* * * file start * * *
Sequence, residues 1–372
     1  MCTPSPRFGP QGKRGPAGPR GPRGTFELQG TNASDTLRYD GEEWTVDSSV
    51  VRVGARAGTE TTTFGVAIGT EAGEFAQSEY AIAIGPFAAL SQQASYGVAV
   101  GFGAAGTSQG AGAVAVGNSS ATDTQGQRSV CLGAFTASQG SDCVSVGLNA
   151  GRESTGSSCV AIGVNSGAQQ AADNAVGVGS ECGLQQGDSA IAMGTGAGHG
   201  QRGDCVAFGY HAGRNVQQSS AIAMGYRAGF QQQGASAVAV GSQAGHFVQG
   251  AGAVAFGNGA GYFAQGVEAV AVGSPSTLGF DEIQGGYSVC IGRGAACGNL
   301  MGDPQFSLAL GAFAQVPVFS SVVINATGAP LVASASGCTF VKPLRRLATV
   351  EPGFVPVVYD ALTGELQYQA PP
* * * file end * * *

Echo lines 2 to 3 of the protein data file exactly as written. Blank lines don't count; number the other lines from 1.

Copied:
     1  MCTPSPRFGP QGKRGPAGPR GPRGTFELQG TNASDTLRYD GEEWTVDSSV
    51  VRVGARAGTE TTTFGVAIGT EAGEFAQSEY AIAIGPFAAL SQQASYGVAV